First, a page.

Christmas Baby Names: Elf on the Shelf names
It’s the holiday season, which means eggnog, carols, twinkling lights and — for millions of American parents — remembering to move that damn elf around the house every night.
Yes, I’m talking about Elf on the Shelf, the Christmas tradition that feels like it’s been going on forever but is less than ten years old. If you’re unacquainted, the idea is to plant an elf doll in your home that serves as a sentry for Santa. It watches your children and reports on their evil deeds. (Somehow this delights kids rather than terrifying them.)
This year there’s also a new Hanukkah version called Mensch on a Bench (similar idea but with a beard and tallit).
When you get one of these elves, you’re asked to name it. For naming geeks, this can be a fun exercise — with lower stakes than permanently branding a baby or pet.
Like babies, the elves even have their own naming data. The Elf on the Shelf website compiles a list of the most popular picks (people register the names with the site, which is how they get the information).
Top 20 Elf on the Shelf names:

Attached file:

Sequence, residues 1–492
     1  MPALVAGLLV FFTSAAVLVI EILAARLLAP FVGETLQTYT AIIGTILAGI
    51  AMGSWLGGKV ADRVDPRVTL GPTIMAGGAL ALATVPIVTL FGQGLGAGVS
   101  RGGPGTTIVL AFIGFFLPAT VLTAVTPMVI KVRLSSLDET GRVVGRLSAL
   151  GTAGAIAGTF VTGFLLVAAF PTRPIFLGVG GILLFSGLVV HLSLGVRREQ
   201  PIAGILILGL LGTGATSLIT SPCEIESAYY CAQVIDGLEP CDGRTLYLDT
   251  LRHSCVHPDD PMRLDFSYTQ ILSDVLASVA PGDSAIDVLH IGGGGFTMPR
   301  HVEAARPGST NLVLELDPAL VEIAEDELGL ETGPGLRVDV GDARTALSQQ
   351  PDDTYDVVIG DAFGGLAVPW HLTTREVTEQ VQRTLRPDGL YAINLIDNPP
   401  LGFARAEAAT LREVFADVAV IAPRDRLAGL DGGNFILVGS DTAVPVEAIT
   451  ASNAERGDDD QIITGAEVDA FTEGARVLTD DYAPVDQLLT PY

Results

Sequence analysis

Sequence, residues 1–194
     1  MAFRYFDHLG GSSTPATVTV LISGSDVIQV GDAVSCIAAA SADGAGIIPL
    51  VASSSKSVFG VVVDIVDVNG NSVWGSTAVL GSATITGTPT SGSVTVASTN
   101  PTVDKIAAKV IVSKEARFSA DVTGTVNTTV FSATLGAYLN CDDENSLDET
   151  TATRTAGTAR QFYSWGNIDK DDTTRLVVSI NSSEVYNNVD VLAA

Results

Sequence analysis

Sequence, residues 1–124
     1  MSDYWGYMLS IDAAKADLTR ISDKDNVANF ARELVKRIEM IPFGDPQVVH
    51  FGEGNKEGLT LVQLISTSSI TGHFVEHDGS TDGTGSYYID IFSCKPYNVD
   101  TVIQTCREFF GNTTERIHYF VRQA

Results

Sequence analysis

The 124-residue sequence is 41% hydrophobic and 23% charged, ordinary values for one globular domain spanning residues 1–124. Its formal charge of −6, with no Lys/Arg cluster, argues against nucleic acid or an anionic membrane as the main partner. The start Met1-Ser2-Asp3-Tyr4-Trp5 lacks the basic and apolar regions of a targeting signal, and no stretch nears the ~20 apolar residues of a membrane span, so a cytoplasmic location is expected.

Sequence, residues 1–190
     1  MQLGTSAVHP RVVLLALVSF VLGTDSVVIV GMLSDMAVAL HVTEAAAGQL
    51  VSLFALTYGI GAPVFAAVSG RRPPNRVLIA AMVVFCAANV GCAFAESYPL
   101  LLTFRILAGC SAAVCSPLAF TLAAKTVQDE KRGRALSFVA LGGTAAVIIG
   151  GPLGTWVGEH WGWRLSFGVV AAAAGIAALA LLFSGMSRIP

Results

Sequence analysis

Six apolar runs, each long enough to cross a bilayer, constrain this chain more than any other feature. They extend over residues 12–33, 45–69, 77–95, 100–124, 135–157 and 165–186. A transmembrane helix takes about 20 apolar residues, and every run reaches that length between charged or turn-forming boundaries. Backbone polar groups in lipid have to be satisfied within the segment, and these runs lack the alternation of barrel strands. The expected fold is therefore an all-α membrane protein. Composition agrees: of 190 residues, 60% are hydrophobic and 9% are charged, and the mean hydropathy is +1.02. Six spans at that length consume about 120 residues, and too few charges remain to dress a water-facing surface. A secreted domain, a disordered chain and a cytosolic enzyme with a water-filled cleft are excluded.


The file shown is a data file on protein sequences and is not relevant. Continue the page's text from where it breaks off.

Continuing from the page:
I like that my own name cracked the top 20 (I’m assuming the St. Nick connection gave it a boost).
To make things interesting, I looked at how the elf names ranked for human babies. The most popular was Jack, which was used 8,512 times by American parents last year. That was followed by Max and Charlie.
Number of babies receiving Elf on the Shelf names in 2013:1. Jack (8,512)2. Max (3,511)3. Charlie (2,866)4. Holly (681)5. Clyde (195)6. Elvis (184)7. Nick (171)8. Fred (101)9. Buddy (21)10. Bob (19)11. Sparkle (12)12. Chippy (0)13. Elfie (0)14. Elfy (0)15. Jingle (0)16. Jingles (0)17. Jolly (0)18. Twinkle (0)19. Peppermint (0)20. Snowflake (0)
Nine of the names were not used at all. (More precisely, they were used fewer than five times apiece. The Social Security Administration doesn’t track names below that threshold.)
But Sparkle was used 12 times on actual humans last year. Amazing! (Amazing was actually used 11 times.)
It’s worth noting that 11 girls were named Santa in 2013. That one isn’t so crazy. It’s a feminine name meaning “holy,” and it ranked in the top 1,000 during the 1910s. (Plus, think how fun it would be to sing “Santa Baby” to your baby Santa.)
Anyway, I noticed that there was some overlap between the elf names and a list of top dog names that was recently released by Rover.com.
This got me thinking: Is there a name that can serve people, elves and dogs? One name to rule them all.
Let’s revisit the elf list, but only include the names that rank among the top 100 dog names and were chosen by at least five sets of parents last year.
Here’s the result, with the dog rank in parentheses: